Sorry, but [unlike you] I don’t see love-at-first-sight [LAFS] as mere chemical reactions that should be dismissed as human failings. [Indeed, such feelings are at the core of human essence. Besides, if you think about it, all human desires and thought processes in general are based on chemical reactions. Thus, the fact that lust is a chemical reaction does not make it any more trite than any other desire or thought.] Read any modern psychology book and you’ll see that these [failings as you suggest them to be] are actually very mental and highly evolved processes. They are not therefore, simple carnal matters. Check out the following books for corroboration. I’ve studied all these at length:
- The Evolution Of Desire by David M. Buss.
- Love At First Sight by Earl D. Naumann, Ph. D.
- Motivation and Personality by Abraham H. Maslow.
- Survival Of The Prettiest by Nancy Etcoff.
I’d argue that feelings of attraction are supremely important in laying the foundation for long-lasting and happy relationships. They should not be discarded [therefore] or underestimated in importance.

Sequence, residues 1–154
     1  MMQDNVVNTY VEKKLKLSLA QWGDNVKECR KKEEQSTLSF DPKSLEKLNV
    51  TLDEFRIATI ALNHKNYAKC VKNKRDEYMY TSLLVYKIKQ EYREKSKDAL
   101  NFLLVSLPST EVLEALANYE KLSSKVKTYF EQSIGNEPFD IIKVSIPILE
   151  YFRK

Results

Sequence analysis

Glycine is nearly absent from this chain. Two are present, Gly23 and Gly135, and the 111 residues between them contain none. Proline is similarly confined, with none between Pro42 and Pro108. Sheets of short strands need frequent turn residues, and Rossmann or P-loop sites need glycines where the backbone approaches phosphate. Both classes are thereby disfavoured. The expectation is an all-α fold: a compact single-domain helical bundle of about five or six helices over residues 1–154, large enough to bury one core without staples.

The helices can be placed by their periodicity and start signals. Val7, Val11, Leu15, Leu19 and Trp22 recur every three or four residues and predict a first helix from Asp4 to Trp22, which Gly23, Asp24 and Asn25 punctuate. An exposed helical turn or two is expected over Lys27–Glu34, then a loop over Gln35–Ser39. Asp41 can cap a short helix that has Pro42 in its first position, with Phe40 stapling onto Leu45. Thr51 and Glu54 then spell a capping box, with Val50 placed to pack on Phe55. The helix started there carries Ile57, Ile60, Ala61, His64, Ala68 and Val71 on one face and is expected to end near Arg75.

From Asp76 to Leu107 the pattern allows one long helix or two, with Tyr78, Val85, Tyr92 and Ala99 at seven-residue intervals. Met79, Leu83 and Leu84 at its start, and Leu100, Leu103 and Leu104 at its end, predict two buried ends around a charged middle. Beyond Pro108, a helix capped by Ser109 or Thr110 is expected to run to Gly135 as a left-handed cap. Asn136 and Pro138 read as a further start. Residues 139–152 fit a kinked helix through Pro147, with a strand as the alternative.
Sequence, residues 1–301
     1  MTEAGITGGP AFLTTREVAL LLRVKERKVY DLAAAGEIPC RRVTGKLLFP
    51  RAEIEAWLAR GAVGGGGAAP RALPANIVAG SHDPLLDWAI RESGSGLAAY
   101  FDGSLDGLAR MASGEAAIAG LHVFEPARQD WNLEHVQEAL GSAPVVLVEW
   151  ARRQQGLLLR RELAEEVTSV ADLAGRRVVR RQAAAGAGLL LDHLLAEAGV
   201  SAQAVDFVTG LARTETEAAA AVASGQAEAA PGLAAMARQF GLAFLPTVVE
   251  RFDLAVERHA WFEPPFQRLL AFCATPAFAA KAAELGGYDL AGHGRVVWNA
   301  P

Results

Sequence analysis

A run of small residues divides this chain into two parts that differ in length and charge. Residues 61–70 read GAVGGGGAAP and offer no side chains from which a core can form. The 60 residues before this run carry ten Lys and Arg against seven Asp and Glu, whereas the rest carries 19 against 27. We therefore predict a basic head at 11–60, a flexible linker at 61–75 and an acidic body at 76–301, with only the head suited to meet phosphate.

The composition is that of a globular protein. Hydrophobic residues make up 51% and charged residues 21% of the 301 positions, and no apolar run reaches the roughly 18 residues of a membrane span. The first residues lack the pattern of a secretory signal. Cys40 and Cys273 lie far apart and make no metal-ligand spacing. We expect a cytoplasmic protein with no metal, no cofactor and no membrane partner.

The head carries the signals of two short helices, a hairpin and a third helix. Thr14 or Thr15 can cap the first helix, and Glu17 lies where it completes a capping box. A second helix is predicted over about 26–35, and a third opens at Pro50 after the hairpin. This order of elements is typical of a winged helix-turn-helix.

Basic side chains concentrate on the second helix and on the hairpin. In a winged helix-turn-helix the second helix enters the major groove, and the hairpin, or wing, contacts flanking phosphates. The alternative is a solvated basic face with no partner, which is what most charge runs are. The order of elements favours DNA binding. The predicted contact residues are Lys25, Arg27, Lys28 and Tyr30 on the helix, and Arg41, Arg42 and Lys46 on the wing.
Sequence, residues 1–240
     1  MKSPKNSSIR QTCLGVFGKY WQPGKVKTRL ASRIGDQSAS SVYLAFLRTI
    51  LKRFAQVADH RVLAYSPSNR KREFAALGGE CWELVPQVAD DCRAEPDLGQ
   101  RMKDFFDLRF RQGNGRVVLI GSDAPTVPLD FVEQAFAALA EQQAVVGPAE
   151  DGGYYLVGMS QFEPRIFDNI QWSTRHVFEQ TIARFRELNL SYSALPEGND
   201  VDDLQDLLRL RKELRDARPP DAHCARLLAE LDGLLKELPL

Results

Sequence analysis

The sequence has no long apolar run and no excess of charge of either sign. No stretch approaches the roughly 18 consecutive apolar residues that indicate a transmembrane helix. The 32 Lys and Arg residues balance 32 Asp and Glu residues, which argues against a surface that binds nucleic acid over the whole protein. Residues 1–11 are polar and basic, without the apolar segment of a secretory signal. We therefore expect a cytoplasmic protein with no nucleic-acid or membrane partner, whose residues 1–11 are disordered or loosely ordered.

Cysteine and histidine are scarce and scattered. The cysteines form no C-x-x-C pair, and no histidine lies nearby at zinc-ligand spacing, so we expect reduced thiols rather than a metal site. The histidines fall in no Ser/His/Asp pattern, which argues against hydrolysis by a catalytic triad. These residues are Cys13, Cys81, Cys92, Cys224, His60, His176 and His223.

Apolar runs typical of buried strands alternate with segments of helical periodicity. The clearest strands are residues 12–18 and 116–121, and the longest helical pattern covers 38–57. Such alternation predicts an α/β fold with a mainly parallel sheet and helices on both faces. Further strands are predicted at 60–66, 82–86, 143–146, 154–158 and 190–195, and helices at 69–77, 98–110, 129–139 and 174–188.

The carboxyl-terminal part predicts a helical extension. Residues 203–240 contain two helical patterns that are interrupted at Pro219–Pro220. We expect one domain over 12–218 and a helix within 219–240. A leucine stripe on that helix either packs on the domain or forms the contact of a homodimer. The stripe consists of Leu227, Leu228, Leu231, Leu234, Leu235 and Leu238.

Yes, I agree that in times past, the idea of loving a person for love’s sake alone was a foreign concept, and did not really come into its own until after world war II ended. You’re correct that historically, people married to establish allegiances among families and to combine their wealth and thus, expand their fiscal reach. However, today, folks are looking for more, particularly now that women have achieved a great measure of economic independence from men. This is explained in detail in the book,
- Marriage, A History From Obedience to Intimacy by Stephanie Coontz.
A woman these days need not marry in order to live well, and many, though the numbers are still sadly rather small, are beginning to realize that the mere presence of “deep pockets” in a man does not go nearly as far toward making them happy, as he who they feel attracted to, and who feels likewise toward them; his money and familial connections notwithstanding. Personally, I think we have the better system today. Yes, you may point out that the divorce rates are higher now than ever before, and thereby conclude that our system is worse. But the problems with this conclusion are numerous: